Art Kabbalah Mystic

Art that teaches and transforms


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Kabbalah: Art and Healing

Kabbalah is the various teachings dealing with Jewish mysticism, its prime source being the Sefer HaZohar, the Book of Splendor, based on the teachings of Rabbi Shimon bar Yochai, who lived in the Second Century. The common translation of the word Kabbalah is “receiving”, implying that the teachings were originally and are still best transmitted from master to disciple. Another interesting variant meaning from the same Hebrew root word   K-B-L קבל and its first appearance in the Torah refers to the parallel loops “maKBiLot haloola-ot” מקבילת הללאת on the edges of the curtains in the Mishkan (Exodus 26:5)

and which mystical teachings interpret to “find parallels” or analogues

between the dimensions of


Kabbalah and Art may seem to be contradictory, because of Judaism’s long iconoclastic tradition, the only “art” seemingly tolerated being the artisanship of ritual objects, such as candelabra and spice boxes. However, the text of Zohar, is very stimulating visually, always enjoining the reader “to come and see” (as opposed to the Talmud, which states “it was heard“) and can help the artist who studies it seriously to attain an expansive consciousness for creating inspired work.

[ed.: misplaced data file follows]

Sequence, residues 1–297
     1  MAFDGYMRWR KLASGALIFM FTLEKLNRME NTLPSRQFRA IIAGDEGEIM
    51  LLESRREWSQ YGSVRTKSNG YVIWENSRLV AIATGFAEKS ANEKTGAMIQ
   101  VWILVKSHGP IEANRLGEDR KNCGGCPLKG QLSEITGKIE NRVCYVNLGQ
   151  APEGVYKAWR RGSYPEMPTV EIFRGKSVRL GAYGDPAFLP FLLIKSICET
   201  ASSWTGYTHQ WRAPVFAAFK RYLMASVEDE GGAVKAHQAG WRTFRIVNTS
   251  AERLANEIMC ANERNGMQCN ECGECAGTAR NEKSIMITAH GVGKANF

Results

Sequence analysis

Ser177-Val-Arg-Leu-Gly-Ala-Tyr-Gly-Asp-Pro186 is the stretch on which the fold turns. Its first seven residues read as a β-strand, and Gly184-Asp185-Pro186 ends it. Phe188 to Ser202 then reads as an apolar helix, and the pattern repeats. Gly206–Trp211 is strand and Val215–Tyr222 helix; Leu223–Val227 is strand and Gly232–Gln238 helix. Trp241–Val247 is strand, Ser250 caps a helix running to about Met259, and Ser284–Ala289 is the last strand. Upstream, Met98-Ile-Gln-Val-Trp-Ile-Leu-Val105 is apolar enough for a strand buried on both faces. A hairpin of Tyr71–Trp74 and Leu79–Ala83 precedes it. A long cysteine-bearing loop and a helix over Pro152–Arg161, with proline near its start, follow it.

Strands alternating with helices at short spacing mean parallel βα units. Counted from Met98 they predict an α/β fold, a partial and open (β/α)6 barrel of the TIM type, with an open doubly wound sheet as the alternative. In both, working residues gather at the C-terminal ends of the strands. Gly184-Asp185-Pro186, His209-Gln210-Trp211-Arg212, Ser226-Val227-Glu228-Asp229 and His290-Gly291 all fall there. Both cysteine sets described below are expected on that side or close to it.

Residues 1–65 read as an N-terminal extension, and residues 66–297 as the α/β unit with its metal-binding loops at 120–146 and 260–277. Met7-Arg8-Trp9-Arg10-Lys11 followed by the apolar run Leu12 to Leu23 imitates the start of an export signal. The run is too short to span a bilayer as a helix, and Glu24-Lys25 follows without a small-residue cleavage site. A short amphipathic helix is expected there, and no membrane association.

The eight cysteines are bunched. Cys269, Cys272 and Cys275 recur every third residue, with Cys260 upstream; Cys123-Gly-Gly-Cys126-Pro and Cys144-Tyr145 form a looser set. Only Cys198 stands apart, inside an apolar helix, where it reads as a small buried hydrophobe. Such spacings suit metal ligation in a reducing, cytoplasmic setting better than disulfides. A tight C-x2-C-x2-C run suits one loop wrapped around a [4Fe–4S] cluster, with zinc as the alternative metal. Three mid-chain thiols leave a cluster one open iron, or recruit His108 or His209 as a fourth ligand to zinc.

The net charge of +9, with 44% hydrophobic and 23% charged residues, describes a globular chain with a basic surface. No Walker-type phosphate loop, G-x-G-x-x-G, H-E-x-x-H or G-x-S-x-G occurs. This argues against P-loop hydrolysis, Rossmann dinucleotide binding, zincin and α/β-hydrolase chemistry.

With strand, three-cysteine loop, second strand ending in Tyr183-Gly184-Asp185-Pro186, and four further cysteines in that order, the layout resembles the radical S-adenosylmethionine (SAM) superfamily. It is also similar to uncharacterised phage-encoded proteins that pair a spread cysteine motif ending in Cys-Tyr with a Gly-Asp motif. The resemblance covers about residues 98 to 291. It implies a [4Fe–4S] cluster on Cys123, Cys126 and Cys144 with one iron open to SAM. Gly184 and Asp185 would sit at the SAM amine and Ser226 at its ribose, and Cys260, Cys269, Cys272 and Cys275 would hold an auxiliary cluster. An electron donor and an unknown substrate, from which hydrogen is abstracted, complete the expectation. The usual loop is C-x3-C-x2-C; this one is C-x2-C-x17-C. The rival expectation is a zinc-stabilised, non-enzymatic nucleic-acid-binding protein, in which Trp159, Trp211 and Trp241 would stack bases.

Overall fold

In the dialogue relating to healing, art and Judaism, it is helpful to have the perspective that “illness”, particularly the whole range of mental disorders, even normal tension, is the result of a “constricted” consciousness, which is called in the Kabbalah: MiTZRayim – the Hebrew name for Egypt, connected to words with the Hebrew root M-TZ-R מצר meaning straits and constriction. It is interesting to note that the suffix “ayim” in the word Mitzrayim מצרים connates a doubling effect, as if to imply a “constriction within a constriction”. That is to say a person who is (perhaps happily and) completely unaware of his constricted view of life. The responsibility of the healer is to help deliver his patient from his mental “Egypt” to achieve a new and expansive vision of his life and mission. The constricted mundane consciousness is often described in the Kabbalah as the Elo-kim א-ל-ה-י-ם mode, a world ruled only by natural and rational laws. Expansive consciousness is the Yod-Kay-Vav-Kay י-ה-ו-ה  mode, which implies the Past, the Present and the Future, together and simultaneously, and is the essence of the Jewish religious faith. This mode name is so holy that we substitute in a secular context just the word: HaShem: The Name.

The above approach, especially in the areas of the rejuvenation of prayer and holiday observance and verbal oriented meditation, is commonly practiced in many synagogues and havurot. Our innovation is its implementation in the visual arts.

There is a saying: “You are what you eat”. We would change it to:

You are what you hang up on your walls”.

Certainly, the quality and direction of a person’s daily visual stimuli must have an influence on his/her mood and can be a springboard to profound spiritual meditation. We would argue that in the Judaic tradition, usually thought of as essentially iconoclastic, according to the misinterpretation of the percept, not to make a “graven image”, there are many areas which are especially appropriate to visual meditation and a source of inspiration for the artist.